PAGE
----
“When libraries have access to broadband, they can effectively deliver critical educational, employment, and government services for residents that lack Internet access elsewhere. As community anchor institutions, libraries can also help drive local broadband adoption,” said Jill Nishi, deputy director of the Bill & Melinda Gates Foundation’s U.S. Libraries program, in a statement.

The five states receiving Gates Foundation grants to implement local broadband improvement plans have partnered with the foundation since early 2009 to develop strategies for improving Internet connections for their libraries.

These states include: Arkansas, which received $735,207 from the foundation this week; Kansas, which received $363,099; Massachusetts, which received $367,789; New York, which received $947,517; and Virginia, which received $977,468. The Gates Foundation said the state libraries of California and Texas participated in the program and will be eligible for grants in early 2010. It also added that it has “invested $350 million in grants and support to install and sustain computers in libraries and train thousands of library staff in all 50 states and U.S. territories.”

In late 2008 the Gates Foundation said it would provide Connected Nation and the American Library Association with a $7 million grant meant to improve internet connections in public libraries. Broadband Census news reported that the goal at the time was to ensure that all public libraries within seven states – Arkansas, California, Kansas, Massachusetts, New York, Texas and Virginia – have broadband connectivity of at least 1.5 Megabits per second. The foundation picked the states because they had large populations with individuals living below the poverty line.

Connected Nation, a Kentucky-based non-profit organization that is funded by Bell and cable companies and by state appropriations, was not mentioned in the Gates Foundation release Tuesday. “Today’s grant announcement is for the five states to implement the plans that they developed with the grant that you referenced from last year. While Connected Nation and [ALA] supported the states as they were developing these plans, the phase of the work that will be funded by today’s announcement is for the states to implement their plans for improving and sustaining high-speed Internet access,” a person familiar with the work of the foundation told Broadband Census News.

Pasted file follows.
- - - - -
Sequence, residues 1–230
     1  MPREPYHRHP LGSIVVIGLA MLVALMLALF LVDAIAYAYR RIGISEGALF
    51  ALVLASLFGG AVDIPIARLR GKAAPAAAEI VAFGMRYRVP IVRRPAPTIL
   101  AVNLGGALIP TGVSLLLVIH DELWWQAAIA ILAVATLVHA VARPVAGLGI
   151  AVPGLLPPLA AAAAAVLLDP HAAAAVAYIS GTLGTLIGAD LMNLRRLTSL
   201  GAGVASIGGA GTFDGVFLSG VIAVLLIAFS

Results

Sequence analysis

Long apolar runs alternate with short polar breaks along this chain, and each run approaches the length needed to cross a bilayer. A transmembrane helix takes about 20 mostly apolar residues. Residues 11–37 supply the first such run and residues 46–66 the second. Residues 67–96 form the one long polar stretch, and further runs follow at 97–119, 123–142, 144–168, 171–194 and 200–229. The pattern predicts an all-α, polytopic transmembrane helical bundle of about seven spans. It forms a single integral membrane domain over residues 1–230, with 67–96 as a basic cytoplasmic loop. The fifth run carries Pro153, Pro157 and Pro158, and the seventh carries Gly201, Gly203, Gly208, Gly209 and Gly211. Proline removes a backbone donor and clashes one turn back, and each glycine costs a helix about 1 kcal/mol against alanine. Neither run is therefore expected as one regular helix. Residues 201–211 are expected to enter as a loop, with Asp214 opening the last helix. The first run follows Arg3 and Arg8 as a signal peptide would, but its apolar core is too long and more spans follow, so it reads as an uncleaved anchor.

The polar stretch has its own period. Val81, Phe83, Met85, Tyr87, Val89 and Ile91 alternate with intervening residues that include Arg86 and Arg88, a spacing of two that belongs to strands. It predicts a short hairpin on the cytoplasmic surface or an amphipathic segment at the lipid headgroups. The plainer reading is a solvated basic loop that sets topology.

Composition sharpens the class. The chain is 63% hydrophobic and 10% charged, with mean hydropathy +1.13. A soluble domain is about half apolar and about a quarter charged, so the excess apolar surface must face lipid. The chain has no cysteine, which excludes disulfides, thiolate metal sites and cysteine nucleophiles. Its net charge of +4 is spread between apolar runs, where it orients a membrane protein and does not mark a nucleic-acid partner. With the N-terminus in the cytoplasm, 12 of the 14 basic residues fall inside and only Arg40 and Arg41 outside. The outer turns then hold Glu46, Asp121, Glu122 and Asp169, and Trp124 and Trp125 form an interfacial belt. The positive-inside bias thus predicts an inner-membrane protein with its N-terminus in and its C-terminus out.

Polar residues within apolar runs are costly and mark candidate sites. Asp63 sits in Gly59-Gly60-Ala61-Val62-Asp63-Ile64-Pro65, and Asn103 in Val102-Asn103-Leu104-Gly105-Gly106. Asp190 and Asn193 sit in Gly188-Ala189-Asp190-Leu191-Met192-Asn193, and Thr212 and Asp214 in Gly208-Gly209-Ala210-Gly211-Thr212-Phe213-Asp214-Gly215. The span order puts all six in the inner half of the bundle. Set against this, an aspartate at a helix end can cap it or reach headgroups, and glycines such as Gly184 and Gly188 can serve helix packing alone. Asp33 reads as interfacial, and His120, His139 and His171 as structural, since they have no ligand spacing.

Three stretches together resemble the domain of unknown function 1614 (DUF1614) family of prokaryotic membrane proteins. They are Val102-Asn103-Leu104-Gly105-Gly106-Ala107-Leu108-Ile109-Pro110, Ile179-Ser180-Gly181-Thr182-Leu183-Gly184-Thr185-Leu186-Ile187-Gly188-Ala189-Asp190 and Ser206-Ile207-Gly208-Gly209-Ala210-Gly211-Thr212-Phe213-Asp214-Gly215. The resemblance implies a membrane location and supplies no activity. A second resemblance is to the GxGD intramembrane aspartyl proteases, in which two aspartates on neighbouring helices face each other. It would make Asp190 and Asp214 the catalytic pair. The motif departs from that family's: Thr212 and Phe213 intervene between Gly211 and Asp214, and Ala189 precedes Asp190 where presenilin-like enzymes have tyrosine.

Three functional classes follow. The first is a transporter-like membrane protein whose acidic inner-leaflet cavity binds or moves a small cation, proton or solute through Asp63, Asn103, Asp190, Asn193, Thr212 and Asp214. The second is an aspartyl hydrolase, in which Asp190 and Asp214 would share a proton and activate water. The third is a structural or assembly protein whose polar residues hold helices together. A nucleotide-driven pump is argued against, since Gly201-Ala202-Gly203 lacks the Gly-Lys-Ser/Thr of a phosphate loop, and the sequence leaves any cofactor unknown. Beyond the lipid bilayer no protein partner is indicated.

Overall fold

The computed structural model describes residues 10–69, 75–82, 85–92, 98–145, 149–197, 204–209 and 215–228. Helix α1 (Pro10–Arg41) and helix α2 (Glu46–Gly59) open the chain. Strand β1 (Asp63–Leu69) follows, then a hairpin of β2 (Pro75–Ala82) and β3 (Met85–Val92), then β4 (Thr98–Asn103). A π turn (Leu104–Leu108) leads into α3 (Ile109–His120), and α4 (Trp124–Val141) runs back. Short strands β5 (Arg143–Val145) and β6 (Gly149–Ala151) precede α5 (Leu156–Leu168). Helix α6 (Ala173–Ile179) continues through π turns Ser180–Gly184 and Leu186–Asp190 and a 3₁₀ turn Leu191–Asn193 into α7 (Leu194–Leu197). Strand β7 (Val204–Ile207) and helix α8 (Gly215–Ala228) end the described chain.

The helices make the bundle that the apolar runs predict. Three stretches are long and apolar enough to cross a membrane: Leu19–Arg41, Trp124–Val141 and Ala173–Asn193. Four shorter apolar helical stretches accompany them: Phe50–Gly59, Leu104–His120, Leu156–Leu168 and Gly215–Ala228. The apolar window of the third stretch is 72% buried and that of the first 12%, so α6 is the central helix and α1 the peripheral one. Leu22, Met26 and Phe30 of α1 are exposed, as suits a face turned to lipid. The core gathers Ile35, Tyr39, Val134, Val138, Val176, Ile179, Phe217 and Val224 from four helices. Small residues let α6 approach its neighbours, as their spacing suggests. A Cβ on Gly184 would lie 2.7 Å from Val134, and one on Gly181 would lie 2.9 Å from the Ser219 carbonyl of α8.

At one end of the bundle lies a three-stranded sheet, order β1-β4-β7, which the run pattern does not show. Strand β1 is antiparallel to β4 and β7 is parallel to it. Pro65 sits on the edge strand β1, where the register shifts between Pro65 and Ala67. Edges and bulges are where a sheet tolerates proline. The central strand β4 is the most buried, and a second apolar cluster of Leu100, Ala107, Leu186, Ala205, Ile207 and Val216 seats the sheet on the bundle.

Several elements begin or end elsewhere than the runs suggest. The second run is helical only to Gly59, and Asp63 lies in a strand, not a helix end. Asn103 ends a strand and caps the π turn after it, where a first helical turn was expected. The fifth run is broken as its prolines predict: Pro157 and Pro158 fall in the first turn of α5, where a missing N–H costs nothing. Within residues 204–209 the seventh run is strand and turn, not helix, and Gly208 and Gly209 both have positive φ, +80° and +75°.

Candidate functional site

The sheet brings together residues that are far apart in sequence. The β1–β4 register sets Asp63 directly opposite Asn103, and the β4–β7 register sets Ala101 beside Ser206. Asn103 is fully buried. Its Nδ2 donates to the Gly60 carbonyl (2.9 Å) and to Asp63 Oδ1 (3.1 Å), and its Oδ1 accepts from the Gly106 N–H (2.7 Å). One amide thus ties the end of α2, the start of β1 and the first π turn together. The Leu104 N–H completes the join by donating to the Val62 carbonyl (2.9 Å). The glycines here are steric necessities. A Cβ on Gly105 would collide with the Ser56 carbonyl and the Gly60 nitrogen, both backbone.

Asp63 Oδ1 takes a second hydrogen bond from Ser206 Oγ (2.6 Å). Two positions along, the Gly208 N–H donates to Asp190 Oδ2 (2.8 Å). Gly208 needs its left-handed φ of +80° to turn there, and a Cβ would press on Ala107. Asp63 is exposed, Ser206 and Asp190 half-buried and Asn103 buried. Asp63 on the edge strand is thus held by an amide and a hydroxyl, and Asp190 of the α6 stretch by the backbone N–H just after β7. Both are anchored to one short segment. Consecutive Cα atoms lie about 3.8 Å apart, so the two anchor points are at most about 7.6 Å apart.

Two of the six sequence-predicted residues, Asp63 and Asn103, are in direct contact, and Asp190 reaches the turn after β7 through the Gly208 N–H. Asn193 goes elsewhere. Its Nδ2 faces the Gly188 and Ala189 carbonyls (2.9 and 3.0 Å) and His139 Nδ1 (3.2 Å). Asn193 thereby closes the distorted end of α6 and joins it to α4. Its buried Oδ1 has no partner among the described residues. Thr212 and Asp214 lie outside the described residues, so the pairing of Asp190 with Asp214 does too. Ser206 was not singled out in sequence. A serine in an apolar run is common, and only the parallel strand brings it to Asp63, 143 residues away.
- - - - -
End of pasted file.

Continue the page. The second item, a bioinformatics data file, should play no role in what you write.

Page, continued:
The NTIA announced Monday that Connected Nation is being awarded approximately $2 million from the government for its broadband mapping and planning efforts in the state of Kansas.

The Gates Foundation said Tuesday that states who are participating in the group’s new Opportunity Online broadband grant program will receive technical and consulting assistance to develop competitive funding proposals for available government funds. The foundation said it will match the federally-required private funds if a library is chosen. These states include: Alaska, Arizona, Colorado, Delaware, Idaho, Kentucky, Montana, North Carolina, Nebraska, New Jersey, Oklahoma, Utah, Vermont, and Washington.

The foundation said it chose “to support states that articulated the most compelling and feasible projects aligned with the objectives of the [Broadband Technology Opportunities Program] program” and “considered a state’s need for assistance in developing a competitive BTOP proposal.”

The Commerce Department’s National Telecommunications and Information Administration and the Agriculture Department’s Rural Utilities Service are administering the federal broadband stimulus funds to selected grant applicants. The American Library Association said Monday it would like the agencies to simplify the application and review process and prioritize funding for “community anchor institutions.”

“Libraries are uniquely positioned to deliver on the promise and objectives of the Broadband Technology Opportunities Program and the Broadband Initiatives Program,” said Carrie McGuire, director for the program on networks for the ALA Office for Information Technology Policy, in a statement. “We strongly encourage the NTIA and RUS to make changes to the program prior to Round 2 to ensure that libraries can take maximum advantage of this opportunity,” she said.

The Gates Foundation said nationally libraries are not able to offer high-speed Internet access to match patron demand. A recent American Library Association study found 60 percent of all libraries said their current Internet speed is insufficient. In 70 percent of U.S. communities “the public library is the only provider of free Internet access available to residents,” according to the foundation.